|Posted by Vladimir Mortsgna on April 27, 2020 at 12:40 AM|
You might assume as you start the book they did award in 1981 that the title is symbolic, and refers to a detective, or perhaps a victim or another character who drives the plot, who is restless and driven to move constantly. But in fact the title is literal, and refers to a peregrine falcon, which a villain has trained to swoop down on command and kill passersby on the streets on early 80s New York City. The author acknowledges that this is almost impossible biologically, so there is much straining of the plot to justify how a falcon could actually kill a human being, and in case you are thinking that larger birds of prey might have been better choices, it turns out to be a carefully bred falcon, far larger than the norm.
I was tantalized by the possibility that Bayer meant this as a spoof, at least originally, although the last half of the book is certainly not amusing or droll in any way. But the media frenzy that follows the attacks rang true and was a fairly convincing bonkers echo of the Son of Sam media frenzy from four years earlier. Another indicator of at least a fleeting attempt at satire is the hobby given to the main police protagonist, Frank Janek – he repairs accordions. But there appear to be three additional novels starring Frank Janek, and some of his other traits are less original: Like so many other Edgar protagonists, Janek is seen as damaged goods with a scandalous past – and it will turn out, as it so often does, that his sin is something that the author strenuously justifies so that few readers will consider it a sin. Which doesn’t mean they will find it interesting. Richard Crenna made a series of TV movies in the 80s in which he played Frank Janek, though as far as I can tell, Peregrine was never chosen as the basis for one of them.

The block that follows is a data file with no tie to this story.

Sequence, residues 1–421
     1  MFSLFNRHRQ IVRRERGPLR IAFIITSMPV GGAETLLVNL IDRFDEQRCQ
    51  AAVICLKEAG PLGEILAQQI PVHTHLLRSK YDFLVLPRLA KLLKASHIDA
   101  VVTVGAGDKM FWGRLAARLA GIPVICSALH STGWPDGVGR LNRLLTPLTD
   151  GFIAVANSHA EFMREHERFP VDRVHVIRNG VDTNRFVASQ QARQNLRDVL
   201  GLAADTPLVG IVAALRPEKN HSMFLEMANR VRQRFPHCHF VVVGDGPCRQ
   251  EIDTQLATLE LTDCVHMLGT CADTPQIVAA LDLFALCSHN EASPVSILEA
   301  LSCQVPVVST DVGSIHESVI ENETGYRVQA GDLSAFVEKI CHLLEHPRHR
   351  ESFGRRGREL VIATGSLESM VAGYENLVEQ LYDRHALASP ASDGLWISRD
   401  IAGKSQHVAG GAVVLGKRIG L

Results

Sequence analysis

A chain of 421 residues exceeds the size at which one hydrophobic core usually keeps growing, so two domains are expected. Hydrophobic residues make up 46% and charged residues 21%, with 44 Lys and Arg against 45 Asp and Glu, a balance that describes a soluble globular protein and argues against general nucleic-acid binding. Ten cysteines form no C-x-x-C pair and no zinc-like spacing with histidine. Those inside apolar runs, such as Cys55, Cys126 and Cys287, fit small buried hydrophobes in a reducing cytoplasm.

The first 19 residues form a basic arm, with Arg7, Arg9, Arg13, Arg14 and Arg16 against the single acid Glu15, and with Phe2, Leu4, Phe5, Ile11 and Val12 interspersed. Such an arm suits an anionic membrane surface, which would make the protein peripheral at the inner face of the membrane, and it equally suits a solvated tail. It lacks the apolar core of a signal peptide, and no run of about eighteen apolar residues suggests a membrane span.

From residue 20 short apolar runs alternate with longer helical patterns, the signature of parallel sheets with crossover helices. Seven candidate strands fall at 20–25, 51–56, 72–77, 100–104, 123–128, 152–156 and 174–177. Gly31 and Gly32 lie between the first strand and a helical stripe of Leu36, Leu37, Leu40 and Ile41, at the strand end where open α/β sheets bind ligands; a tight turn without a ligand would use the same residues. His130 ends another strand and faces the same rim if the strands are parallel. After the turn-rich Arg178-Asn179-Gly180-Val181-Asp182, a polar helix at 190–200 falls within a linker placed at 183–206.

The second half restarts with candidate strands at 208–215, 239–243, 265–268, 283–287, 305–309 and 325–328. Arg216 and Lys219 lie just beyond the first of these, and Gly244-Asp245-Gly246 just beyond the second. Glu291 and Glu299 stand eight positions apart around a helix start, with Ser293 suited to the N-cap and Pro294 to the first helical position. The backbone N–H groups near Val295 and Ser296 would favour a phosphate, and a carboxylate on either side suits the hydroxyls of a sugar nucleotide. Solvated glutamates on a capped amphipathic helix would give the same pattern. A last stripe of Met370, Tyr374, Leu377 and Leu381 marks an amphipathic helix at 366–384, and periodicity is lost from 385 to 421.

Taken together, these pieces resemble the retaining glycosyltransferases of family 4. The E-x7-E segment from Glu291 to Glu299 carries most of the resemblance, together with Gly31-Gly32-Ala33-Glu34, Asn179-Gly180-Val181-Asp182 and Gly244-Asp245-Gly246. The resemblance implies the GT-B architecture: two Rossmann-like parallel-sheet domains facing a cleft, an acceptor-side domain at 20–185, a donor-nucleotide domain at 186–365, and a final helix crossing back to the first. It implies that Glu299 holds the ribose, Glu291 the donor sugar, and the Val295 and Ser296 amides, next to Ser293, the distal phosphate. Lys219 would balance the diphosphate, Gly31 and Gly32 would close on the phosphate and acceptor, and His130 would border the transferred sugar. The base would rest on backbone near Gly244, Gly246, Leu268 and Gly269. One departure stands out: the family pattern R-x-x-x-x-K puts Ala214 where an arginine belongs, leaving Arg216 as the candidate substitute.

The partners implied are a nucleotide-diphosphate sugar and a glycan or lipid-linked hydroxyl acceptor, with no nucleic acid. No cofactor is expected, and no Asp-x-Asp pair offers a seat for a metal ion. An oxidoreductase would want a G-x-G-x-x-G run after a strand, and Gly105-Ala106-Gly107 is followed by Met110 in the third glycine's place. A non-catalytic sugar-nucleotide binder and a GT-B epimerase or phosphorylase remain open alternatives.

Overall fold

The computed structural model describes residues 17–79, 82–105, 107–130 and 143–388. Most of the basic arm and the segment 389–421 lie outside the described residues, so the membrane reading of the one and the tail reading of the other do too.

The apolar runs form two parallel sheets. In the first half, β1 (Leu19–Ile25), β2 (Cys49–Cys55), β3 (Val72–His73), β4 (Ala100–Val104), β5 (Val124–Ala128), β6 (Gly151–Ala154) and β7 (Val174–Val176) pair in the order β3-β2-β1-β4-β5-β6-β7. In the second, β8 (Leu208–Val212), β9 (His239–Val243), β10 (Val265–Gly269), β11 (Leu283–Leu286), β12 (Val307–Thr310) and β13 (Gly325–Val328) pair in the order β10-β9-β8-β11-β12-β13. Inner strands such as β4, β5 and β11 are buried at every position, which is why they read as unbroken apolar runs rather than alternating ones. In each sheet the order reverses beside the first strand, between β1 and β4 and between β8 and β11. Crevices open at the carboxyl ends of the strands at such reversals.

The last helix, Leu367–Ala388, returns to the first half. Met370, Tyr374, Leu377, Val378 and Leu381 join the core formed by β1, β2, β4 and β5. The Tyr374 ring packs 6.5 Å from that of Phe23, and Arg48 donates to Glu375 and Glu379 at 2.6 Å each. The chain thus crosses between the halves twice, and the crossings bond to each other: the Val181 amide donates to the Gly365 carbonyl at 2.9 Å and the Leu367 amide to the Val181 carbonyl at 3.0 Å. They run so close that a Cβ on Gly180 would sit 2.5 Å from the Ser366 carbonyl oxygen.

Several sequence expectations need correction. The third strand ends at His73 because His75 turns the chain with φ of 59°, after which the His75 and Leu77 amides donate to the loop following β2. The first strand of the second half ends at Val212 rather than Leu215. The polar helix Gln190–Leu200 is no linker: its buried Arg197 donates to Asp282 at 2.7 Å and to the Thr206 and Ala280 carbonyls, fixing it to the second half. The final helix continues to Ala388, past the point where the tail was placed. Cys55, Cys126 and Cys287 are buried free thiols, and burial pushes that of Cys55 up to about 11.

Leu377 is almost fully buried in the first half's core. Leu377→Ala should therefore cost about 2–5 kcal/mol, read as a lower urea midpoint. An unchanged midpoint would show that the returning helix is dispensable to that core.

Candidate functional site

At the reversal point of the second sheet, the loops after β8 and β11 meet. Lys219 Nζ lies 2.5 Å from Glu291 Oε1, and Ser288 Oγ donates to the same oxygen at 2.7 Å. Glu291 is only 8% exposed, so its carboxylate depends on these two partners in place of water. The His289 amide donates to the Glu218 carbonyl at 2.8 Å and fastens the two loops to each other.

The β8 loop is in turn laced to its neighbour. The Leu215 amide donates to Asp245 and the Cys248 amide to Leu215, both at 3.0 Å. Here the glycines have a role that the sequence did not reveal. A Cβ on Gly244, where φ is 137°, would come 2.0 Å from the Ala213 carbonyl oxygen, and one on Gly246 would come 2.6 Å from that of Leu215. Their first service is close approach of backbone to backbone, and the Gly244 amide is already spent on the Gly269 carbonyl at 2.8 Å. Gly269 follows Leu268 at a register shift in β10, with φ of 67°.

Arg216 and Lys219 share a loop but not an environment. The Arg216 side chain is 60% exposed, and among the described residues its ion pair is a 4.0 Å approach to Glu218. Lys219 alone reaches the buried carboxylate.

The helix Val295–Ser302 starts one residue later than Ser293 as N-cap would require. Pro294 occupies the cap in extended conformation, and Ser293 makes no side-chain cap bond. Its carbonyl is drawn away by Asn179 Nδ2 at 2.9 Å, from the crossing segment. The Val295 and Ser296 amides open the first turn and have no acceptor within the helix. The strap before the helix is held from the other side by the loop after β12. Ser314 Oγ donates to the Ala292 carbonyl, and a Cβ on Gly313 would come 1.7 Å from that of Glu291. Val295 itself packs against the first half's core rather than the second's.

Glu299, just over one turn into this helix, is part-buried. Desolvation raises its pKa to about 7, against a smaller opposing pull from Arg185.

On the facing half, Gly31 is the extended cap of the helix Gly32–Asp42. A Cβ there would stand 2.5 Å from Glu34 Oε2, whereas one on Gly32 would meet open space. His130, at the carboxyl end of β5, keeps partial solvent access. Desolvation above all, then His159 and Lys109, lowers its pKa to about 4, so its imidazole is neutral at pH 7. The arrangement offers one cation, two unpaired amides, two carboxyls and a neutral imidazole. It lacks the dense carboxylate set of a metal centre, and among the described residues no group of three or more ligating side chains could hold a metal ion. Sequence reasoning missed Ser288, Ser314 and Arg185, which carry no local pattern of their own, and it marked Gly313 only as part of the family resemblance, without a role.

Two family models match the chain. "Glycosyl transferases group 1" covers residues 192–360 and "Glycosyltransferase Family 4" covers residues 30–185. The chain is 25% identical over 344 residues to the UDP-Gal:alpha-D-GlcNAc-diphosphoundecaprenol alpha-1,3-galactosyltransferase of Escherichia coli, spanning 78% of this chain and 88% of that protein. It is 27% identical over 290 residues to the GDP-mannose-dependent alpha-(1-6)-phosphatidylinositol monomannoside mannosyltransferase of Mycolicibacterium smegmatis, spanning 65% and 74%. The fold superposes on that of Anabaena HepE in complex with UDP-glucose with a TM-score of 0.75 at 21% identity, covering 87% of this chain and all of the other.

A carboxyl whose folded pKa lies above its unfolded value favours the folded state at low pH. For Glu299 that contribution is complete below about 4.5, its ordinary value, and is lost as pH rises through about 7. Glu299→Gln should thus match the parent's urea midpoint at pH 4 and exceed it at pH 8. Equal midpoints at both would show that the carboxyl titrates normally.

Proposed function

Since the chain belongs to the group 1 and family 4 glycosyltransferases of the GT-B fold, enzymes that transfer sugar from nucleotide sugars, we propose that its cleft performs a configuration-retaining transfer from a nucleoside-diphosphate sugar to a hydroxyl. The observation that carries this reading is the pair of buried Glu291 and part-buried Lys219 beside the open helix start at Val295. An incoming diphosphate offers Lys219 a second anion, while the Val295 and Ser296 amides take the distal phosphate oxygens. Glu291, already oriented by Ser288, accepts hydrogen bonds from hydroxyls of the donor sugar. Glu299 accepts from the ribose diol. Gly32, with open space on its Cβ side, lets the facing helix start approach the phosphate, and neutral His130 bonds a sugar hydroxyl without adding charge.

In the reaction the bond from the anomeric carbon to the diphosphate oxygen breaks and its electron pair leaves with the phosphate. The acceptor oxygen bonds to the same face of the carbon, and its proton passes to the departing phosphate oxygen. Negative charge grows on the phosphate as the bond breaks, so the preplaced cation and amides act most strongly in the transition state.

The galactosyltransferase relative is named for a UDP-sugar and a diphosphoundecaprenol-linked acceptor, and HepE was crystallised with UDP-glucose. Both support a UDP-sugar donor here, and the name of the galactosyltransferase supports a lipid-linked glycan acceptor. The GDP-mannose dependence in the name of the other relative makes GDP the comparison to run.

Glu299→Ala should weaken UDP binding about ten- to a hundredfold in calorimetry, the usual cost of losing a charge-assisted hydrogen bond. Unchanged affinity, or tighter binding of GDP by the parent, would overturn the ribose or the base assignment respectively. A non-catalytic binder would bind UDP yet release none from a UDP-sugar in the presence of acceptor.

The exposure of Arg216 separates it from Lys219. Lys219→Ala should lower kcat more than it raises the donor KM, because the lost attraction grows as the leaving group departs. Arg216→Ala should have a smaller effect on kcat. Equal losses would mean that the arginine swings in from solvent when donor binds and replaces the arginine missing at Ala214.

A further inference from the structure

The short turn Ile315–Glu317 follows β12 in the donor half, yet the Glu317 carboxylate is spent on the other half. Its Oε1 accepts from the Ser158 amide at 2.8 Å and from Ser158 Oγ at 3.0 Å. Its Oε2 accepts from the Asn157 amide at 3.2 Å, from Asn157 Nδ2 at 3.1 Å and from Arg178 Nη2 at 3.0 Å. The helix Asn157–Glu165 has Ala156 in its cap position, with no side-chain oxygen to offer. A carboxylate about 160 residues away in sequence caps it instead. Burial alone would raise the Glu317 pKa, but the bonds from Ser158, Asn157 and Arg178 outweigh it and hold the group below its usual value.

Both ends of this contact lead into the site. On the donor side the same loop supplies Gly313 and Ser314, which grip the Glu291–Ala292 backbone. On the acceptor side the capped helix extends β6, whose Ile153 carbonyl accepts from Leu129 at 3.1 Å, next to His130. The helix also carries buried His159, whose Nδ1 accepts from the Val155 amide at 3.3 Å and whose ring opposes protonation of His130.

So Frank Janek, while not repairing accordions, leads the NYPD’s efforts to contain panic and stop the mad falconer. And returning to the very real sins of the 1981 Edgar voters, one could say that Peregrine, like Gorky Park and Red Dragon, would be followed by better entries by its author. So why pick the one and not one of the others? No risk of spoiling – I couldn’t possibly spoil that mystery because I don’t know the answer. But I can’t say more about why Peregrine is bad without spoilers – in the next installment.
Categories: Edgar Winner Reviews (No Spoilers)